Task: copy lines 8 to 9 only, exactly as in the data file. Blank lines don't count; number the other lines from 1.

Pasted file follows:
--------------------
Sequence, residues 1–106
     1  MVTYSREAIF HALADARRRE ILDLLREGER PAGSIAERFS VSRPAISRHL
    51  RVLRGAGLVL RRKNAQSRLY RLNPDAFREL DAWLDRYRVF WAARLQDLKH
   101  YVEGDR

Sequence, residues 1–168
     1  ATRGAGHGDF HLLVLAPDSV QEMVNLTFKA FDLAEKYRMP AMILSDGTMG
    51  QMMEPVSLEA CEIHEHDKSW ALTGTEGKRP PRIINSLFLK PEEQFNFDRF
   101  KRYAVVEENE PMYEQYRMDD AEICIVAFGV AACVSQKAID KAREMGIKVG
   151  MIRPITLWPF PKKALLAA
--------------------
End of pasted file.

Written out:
   101  KRYAVVEENE PMYEQYRMDD AEICIVAFGV AACVSQKAID KAREMGIKVG
   151  MIRPITLWPF PKKALLAA